09. 04. 2018 Davide Bizzarri NetEye

How to Deploy NRPE on CentOS 7 with Ansible

Introduction

When you need to monitor multiple machines, it’s a lot of work to install each machine manually.  Instead, you want to run just a single command, or click a few buttons, to configure all those machines at once, and then keep them updated over time.  This can be achieved with a bash script, so why bother to use Ansible?  The main reason is simplicity.  Bash scripts tend to be long, unreadable and unwieldy, while Ansible provides a powerful set of modules that can be used to perform the most common tasks in just few lines of self-explanatory code.  Another important reason is that Ansible is agentless, using OpenSSH to execute tasks on remote machines.

1. Install Ansible

The first thing we need to do is install Ansible on a control machine.  I will show you how to do it on NetEye, just to keep everything in one place.

On CentOS 6, Ansible is available only in the EPEL repository.

# yum install epel-release
# yum-config-manager --disable epel
# yum install ansible --enablerepo=epel

It’s good practice to keep the EPEL repository disabled so that you don’t install unwanted packages from it accidentally.

2. Create the Inventory

Put the IPs of the remote machines on which you want to deploy NRPE in /etc/ansible/hosts, for example:

[nrpe-clients]
172.17.0.4
172.17.0.5
172.17.0.6

Ansible will connect to the remote machine using OpenSSH, but to do so it needs a way to authenticate itself on each machine.  The simplest way to do this is to install our public ssh key on each remote machine:

# ssh-copy-id root@172.17.0.4
# ssh-copy-id root@172.17.0.5
# ssh-copy-id root@172.17.0.6

3. Create the Playbook

Ansible playbooks are YAML configuration files that describe a list of tasks to execute.  In our case, the steps we want to perform are (1) to install NRPE, (2) install Nagios plugins, and (3) configure NRPE.

3.1 Install NRPE and Nagios plugins

Let’s create a new playbook, which we will call nrpe-deploy.yaml, containing the following tasks for steps (1) and (2):

---
- hosts: nrpe-clients
  remote_user: root

  tasks:
  - name: install epel
    yum:
      name: epel-release
      state: latest

  - name: install nrpe
    yum:
      name: nrpe
      state: latest

  - name: install nagios plugins
    yum:
      name: nagios-plugins-all
      state: latest

This playbook uses yum to install or update NRPE and the Nagios plugins.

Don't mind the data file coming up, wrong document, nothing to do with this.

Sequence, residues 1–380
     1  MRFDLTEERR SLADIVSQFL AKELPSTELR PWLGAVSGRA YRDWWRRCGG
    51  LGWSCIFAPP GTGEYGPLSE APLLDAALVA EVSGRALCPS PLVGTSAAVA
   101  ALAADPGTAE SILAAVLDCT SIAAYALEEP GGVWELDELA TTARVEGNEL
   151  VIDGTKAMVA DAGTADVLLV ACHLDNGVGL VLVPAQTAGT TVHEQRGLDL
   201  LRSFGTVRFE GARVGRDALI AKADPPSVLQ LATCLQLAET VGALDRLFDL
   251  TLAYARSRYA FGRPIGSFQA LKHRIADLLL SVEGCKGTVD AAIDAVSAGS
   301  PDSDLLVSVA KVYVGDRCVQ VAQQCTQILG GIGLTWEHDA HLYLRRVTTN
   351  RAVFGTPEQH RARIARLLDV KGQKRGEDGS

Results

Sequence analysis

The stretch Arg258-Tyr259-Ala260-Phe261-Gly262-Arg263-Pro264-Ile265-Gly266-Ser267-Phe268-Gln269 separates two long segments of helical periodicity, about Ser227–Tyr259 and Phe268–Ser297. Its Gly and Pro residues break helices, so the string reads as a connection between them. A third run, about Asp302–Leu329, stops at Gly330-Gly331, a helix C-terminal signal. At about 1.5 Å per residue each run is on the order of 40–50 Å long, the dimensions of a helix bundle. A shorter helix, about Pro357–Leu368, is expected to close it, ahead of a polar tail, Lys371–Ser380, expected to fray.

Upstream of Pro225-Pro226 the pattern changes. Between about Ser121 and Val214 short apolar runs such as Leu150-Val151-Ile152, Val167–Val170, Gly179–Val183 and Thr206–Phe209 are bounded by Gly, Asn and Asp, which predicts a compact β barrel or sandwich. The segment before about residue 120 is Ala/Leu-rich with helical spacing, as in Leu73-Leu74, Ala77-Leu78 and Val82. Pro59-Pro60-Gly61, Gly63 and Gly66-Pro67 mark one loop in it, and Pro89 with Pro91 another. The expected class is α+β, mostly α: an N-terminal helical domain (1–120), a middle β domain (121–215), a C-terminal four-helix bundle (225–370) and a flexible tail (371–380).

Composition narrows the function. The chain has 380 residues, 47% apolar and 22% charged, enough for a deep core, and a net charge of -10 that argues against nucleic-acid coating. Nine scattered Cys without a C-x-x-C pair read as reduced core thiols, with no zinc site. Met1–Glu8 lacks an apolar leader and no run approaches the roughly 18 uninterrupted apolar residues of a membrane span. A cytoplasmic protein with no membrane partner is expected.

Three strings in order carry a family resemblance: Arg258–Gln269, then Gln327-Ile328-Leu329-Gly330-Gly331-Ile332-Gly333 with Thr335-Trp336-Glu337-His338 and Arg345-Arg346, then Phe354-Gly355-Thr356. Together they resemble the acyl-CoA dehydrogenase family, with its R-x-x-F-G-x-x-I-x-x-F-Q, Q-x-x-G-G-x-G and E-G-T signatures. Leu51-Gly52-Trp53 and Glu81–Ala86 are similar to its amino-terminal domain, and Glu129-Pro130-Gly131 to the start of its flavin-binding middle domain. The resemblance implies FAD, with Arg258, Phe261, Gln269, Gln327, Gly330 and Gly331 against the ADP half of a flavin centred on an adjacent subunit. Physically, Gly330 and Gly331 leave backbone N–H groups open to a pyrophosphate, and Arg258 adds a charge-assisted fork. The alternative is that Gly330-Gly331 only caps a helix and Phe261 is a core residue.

Now run the playbook with Ansible:

# ansible-playbook nrpe-deploy.yaml

3.2 Configure NRPE

Next we create an NRPE configuration file to copy onto each remote machine.  Let’s call it nrpe.cfg:

# bind to all interfaces
server_address=0.0.0.0

# allow neteye
allowed_hosts=127.0.0.1,172.17.0.3

# allow command args
dont_blame_nrpe=1

# example of commands
command[check_diskspace_arg]=/usr/lib64/nagios/plugins/check_disk $ARG1$
command[check_load_arg]=/usr/lib64/nagios/plugins/check_load $ARG1$
command[check_procs_arg]=/usr/lib64/nagios/plugins/check_procs $ARG1$
command[check_users_arg]=/usr/lib64/nagios/plugins/check_users $ARG1$

Now we can add new tasks to nrpe-deploy.yaml that will deploy the NRPE configuration files on the remote machines.

[...]
  - name: deploy nrpe.cfg
    copy:
      src: nrpe.cfg
      dest: /etc/nrpe.d/nrpe.cfg
    register: deploy_nrpe

  - name: start/restart and enable nrpe
    systemd:
      name: nrpe
      state: restarted
      enabled: yes
    when: deploy_nrpe.changed

And we can execute Ansible again:

# ansible-playbook nrpe-deploy.yaml

Conclusion

You can add new commands to nrpe.cfg, or new machines to /etc/ansible/hosts, and then execute ansible-playbook nrpe-deploy.yaml again to update all your remote machines or install new machines.  You can learn more on Ansible here: Ansible Documentation

Davide Bizzarri

Davide Bizzarri

R&D Software Engineer at Würth Phoenix
Hi, I'm Davide! I’m a full stack developer at Würth Phoenix. I started to use a PC at the age of ten when my parents bought our first family PC: an old Windows 98. Then, in high school, my professor introduced me to the world of software development by teaching me my first programming language, C. Since then I began to study IT and programming languages alone. After one year, I started to develop my first website that reached over one thousand views per day. Once I finished high school, I changed my job twice, until Würth Phoenix has hired me. Here I have learned many interesting things, one of the most important once is the agile development methodology which we living every day.

Author

Davide Bizzarri

Hi, I'm Davide! I’m a full stack developer at Würth Phoenix. I started to use a PC at the age of ten when my parents bought our first family PC: an old Windows 98. Then, in high school, my professor introduced me to the world of software development by teaching me my first programming language, C. Since then I began to study IT and programming languages alone. After one year, I started to develop my first website that reached over one thousand views per day. Once I finished high school, I changed my job twice, until Würth Phoenix has hired me. Here I have learned many interesting things, one of the most important once is the agile development methodology which we living every day.

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